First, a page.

Plot: What’s it about?
Sarah Miles (Julianne Moore) lover her husband Henry (Stephen Rea), but their relationship has no passion or intimacy. So when she meets Maurice (Ralph Fiennes) and she finds herself attracted to him, she lets herself go, to enjoy the passion she simply doesn’t get from her husband. Sparks fly between the two right away, and Sarah and Maurice begin a passionate and torrid love affair. With Maurice, Sarah was being fulfilled in ways her overworking husband could never fulfill her, but one day, she just vanishes. Without a trace or a word to Maurice, Sarah is gone one day, leaving Maurice in a state of total and utter confusion. Two years later, Maurice still has no clue as to Sarah’s reasons for leaving or current whereabouts, but she has not left his mind and thoughts. One night, Maurice has a chance encounter with Sarah’s husband, Henry, and the two have a conversation about Sarah. This meetings rekindles all the passion and emotion inside Maurice, and he decides to have her followed, to perhaps learn why she had left him two years earlier. Whatever Sarah’s reasons were, will those reasons still hold true if she were to be reunited with Maurice now?
This is a remake of the 1955 classic motion picture of the same name. As with most remakes, especially those which remake classics, this film had an uphill battle from the get go, but I feel it comes out well, perhaps even superior to the original. While I will argue that this modern version is the better of the two, I will say that this movie is excellent, and well worth your time to look up. While the novel written by Graham Greene was used as the core basis for the film, some writing changes were made by director Neil Jordan, which gives this film some subtle differences from the original and the novel itself. I feel these changes are what keeps this version fresh, and at times, superior to the original, but I am sure a case could be made either way. If you do enjoy the original, I think you should view this version, just to see another director’s vision of the story and the small changes made to the storyline. This is one of the better romantic films I have seen in quite a while, so if romance is what you’re after, this is right up your alley. I recommend at least a rental, and Columbia has issued a wonderful disc for those of you looking to add this to your personal collections, so don’t hesitate to purchase the disc.
This film was written for the screen and directed by Stephen Rea, who is known for his lush visuals in films, and also his knack for character work. While not as visually striking as some of his other work, this film has excellent costumes and locations, which help set the mood of the era and circumstances. If you want to see more of Jordan’s work, check out The Crying Game, Interview With The Vampire, In Dreams, and Michael Collins. While there are actually three leads in this film, the movie works around two of them for the most part. Stephen Rea, who seems to appear in ever Neil Jordan movie, has a large role, but seems to be ushered aside in favor of the other two leads. But Rea (Ready To Wear, Princess Caraboo) is a fine actor, and he uses his time on screen to showcase his ability, providing a wonderful supporting performance. The true leading roles in this film belong to Ralph Fiennes and Julianne Moore, two fine actors who turn in terrific performances here. Fiennes (Strange Days, Schindler’s List) has a short resume, but he seems to keep improving, becoming one of the finest young actors in the business. Moore (Boogie Nights, Nine Months), who was nominated for a Best Actress Oscar for this role, steals the show here, giving one of her finest turns yet, and that’s saying something. The supporting cast includes Jason Isaacs (Event Horizon, Armageddon), Ian Hart (B. Monkey, Clockwork Mice), and James Bolam (Murder Most Foul, The Plague Dogs).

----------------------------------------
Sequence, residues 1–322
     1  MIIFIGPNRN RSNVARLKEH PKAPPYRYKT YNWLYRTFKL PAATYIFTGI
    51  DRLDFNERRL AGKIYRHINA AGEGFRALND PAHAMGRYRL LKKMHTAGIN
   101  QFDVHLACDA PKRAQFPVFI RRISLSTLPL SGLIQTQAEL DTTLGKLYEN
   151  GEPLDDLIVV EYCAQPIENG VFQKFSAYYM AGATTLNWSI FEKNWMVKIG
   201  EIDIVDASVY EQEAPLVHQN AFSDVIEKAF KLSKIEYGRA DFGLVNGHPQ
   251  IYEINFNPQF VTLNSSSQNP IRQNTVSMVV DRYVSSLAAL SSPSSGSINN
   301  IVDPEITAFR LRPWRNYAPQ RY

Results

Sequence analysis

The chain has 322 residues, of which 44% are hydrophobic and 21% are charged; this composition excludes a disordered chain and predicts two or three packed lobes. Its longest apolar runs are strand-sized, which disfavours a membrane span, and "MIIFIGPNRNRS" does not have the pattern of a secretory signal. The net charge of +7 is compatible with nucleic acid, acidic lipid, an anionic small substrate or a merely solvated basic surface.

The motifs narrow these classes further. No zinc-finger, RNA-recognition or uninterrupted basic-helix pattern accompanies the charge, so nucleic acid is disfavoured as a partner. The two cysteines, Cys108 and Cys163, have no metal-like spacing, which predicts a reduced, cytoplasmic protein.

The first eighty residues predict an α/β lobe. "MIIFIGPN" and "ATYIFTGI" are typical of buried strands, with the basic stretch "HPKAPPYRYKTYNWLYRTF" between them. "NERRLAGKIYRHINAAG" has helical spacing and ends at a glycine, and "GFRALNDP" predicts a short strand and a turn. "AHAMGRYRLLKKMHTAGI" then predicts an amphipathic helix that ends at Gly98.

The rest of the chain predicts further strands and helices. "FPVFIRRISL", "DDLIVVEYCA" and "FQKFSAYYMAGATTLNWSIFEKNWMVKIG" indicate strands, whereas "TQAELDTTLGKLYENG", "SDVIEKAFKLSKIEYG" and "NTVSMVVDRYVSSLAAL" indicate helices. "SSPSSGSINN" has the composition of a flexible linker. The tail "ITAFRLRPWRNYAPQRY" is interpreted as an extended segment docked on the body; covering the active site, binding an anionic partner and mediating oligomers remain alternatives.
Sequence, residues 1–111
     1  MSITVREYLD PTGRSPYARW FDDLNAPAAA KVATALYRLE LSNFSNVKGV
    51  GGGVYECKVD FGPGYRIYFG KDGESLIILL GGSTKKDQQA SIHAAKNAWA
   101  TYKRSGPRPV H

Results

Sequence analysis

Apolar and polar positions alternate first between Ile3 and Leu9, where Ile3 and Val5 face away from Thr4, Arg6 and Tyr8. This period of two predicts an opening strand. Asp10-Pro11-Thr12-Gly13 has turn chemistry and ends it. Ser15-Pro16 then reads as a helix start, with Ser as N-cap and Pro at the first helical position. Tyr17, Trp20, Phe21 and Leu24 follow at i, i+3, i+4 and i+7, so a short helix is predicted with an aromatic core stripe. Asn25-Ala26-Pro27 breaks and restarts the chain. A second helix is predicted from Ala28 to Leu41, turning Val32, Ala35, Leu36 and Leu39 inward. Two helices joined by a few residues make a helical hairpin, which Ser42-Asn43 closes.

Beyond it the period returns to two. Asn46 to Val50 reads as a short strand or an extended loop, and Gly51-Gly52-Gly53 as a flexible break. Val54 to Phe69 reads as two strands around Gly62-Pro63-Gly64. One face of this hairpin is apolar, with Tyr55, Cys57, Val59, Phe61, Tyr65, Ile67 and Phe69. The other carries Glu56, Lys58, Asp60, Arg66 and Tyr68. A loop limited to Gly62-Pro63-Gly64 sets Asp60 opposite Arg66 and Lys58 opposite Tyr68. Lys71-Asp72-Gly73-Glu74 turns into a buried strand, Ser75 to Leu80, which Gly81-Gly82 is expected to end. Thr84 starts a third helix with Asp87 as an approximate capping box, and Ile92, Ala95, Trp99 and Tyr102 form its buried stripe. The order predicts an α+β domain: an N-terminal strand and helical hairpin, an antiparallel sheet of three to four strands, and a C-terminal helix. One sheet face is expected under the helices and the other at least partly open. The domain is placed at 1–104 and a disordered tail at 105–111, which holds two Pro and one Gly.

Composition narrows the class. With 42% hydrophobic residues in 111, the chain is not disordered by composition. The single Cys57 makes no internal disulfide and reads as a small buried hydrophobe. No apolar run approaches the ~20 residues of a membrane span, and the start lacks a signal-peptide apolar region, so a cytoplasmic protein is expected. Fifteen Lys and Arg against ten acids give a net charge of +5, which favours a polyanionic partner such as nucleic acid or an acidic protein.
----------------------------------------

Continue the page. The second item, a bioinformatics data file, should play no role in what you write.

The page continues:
Video: How does it look?
The End Of The Affair is presented in a 1.85:1 anamorphic widescreen transfer, with a full frame version also included on this dual layered disc. The visuals in this movie are beautiful, so I was concerned about the transfer, but my worries were put to rest once the movie started. The image is very sharp and detailed, with no compression errors or print flaws to be found. The colors look bright and vivid, and flesh tones appear natural and free from distortion. The contrast is well balanced, with very detail level and well defined shadows. The image is so well defined, I almost swear I could see each drop of water in the scenes which feature rain.
Audio: How does it sound?
While this movie isn’t focused on audio, the Dolby Digital 5.1 track does ensure a pleasant audio experience. The score, which you can enjoy on a bonus audio track, is excellent, and sounds lush and full in his mix. The outdoor scenes, especially those with rain involved, will perk up the surrounds a little as well. The rest of the audio is dedicated to the dialogue, which comes across clear and consistent, no remote fiddling needed at all here.
Supplements: What are the extras?
This release is not listed as a special edition, but you might it is one, if you judge by the supplements included. You’ll find theatrical trailers for this film as well as The Remains Of The Day, liner notes, talent files, and seven minute making of featurette on this release, as well as some more substantial bonus features. Three bonus audio tracks are included, one of which is the isolated musical score, which is amazing and worthy of such a track. The other two audio tracks are running commentaries, one by director Neil Jordan, the other by actress Julianne Moore. Jordan’s track is more technical, while Moore’s is more geared toward what happened during the production. As such, the two tracks combine for a fuller look into the film and its production.